Unremarkable diseases continued to sweep through the United States. The CDC monitored their progress and, in its spare time, researched ways to convince Congress to give it new responsibilities. Branches were opened across the U.S., and the CDC's name was changed to Centers for Disease Control, because when you think you can control disease, you can never have enough centers.

After that, it was child's play to convince Congress that it would save money in the long term to keep diseases from occurring in the first place. This resulted in a new name change, to the Centers for Disease Control and Prevention, though everyone still calls it the CDC and no one calls it the CDCP despite the bold advance into four-letter territory. Prevention covered everything from rollerskating to archery to picking up dimes and spare change up off the ground. The CDC studied ways to prevent things that were explicitly permitted, such as guns.

Sub-agencies started forming, such as the National Institute for Allergies and Infectious Diseases (NIAID), the CDC now well into five letters. Again favoring economy, its scientists declined to propose an amendment to the U.S. Constitution that would add, "Find out what is making me sneeze" to government's Enumerated Powers.

Mandate gallop[edit]

The NIAID Director ultimately scratched his itch.
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In 2020, despite the many centers and the mandate for prevention, the Coronavirus swept through America. NIAID director Anthony Fauci (pictured) concluded that President Donald Trump was what was making him so itchy. The CDC recommended a regime of face-covering, vaccines, and condoms. These never achieved effective disease control, since many never understood the instructions, but they did a marvelous job at achieving Trump control.

Viral mutations were named with Greek letters because of the loud, boisterous frat parties viruses held as they danced in the streets. They were joined by people wearing mask scarves worn on the back of their necks, and mask blindfolds, condom gloves, and balloons made out of condoms, and served a new cocktail at the party called "the booster shot."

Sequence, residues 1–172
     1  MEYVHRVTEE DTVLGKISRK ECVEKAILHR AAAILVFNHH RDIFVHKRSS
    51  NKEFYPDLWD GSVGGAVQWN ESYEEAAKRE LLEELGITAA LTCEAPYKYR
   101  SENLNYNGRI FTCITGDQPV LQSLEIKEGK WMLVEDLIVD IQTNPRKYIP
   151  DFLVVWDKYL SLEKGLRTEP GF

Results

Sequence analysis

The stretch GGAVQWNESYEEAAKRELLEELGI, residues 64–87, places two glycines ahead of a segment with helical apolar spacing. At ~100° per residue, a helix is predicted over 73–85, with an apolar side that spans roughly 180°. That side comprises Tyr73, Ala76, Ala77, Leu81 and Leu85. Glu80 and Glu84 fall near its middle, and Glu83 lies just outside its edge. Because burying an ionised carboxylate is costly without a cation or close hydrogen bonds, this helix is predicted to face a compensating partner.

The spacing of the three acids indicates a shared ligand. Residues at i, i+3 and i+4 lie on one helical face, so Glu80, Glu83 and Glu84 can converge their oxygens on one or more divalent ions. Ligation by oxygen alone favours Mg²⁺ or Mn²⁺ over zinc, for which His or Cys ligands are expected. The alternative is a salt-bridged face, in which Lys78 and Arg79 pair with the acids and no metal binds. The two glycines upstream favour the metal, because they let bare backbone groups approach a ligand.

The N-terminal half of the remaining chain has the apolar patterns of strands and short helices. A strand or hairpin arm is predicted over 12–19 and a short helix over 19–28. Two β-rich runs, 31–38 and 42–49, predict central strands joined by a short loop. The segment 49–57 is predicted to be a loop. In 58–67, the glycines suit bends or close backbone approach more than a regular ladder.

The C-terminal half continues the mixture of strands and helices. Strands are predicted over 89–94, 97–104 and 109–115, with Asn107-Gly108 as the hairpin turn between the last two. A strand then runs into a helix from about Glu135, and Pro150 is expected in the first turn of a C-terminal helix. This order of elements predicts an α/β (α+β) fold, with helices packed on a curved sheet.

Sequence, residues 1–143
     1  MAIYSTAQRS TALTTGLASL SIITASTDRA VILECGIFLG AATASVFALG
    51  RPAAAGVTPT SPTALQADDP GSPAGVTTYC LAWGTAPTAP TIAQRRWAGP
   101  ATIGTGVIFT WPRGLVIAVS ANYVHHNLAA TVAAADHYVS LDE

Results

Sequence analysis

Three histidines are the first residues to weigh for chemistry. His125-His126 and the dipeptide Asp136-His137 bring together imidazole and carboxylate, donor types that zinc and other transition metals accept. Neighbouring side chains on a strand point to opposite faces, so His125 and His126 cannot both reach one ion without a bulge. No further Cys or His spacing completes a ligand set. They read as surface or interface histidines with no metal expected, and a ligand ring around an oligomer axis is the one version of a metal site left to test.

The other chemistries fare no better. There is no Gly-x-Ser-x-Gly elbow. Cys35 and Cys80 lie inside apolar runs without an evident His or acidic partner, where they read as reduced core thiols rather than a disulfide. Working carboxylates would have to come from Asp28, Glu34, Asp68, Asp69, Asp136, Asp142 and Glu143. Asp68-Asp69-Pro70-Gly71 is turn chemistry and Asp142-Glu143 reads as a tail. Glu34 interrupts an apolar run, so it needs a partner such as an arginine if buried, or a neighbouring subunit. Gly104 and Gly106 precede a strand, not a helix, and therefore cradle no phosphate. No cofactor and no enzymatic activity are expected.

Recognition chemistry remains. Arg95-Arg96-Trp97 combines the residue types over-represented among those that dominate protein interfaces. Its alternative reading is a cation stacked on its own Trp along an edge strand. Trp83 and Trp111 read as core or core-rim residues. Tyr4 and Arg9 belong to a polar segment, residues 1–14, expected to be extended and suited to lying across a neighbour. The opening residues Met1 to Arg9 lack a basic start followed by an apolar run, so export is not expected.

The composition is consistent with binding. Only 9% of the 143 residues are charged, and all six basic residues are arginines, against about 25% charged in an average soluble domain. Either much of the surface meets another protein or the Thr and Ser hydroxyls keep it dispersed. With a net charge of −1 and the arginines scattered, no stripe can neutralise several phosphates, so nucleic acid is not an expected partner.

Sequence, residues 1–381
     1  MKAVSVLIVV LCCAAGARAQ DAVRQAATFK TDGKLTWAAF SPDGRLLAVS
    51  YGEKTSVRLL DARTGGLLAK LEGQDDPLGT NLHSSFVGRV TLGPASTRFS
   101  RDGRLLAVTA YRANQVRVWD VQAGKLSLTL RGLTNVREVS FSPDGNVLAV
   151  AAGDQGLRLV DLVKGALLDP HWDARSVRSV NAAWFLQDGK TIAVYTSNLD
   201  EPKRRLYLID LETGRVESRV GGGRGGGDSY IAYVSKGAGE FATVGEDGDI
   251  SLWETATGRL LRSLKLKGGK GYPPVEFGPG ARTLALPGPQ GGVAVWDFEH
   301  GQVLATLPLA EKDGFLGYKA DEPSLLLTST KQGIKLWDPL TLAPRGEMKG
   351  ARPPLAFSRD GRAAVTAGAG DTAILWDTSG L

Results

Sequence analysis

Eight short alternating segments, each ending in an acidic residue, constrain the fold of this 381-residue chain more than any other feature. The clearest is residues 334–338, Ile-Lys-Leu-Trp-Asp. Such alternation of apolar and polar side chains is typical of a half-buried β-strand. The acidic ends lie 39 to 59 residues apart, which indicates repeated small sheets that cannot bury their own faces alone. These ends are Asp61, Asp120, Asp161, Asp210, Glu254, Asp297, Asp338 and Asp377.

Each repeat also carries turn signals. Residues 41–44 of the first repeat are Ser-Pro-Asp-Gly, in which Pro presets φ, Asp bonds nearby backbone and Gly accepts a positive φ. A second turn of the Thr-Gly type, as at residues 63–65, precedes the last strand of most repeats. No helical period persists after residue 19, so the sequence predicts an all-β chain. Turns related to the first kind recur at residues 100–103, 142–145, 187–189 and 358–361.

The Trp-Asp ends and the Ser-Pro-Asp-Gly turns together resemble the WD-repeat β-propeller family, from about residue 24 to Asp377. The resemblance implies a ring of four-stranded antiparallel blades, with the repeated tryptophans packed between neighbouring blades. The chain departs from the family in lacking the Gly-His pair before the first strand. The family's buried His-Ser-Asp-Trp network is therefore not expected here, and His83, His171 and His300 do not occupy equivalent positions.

Vaccination policy attracted critics, who asserted that mandates harkened back to America's disastrous dalliance with McCartneyism in the 1950s. However, in general, no one likes to die. One exception included columnist Dennis Prager, who deliberately caught the virus to get over it "the right way"; also the TikTok "Coronavirus Challenge", where the bravest licked toilet seats in order to be exposed to it. This approach was effective only if they took numerous selfies.

The CDC's mandate extended to beating back the market for home remedies. When the outbreak began, it merely involved ingesting bleach, but eventually advanced to eating raw cinnamon, eating Tide Pods, overdosing on allergy drugs, and doing whatever else an Internet troll suggests. A popular home remedy involved the livestock deworming drug ivermectin. The FDA tweeted for the nation to wise up, but the CDC was hopeful that "herd" immunity could be achieved through techniques of livestock management.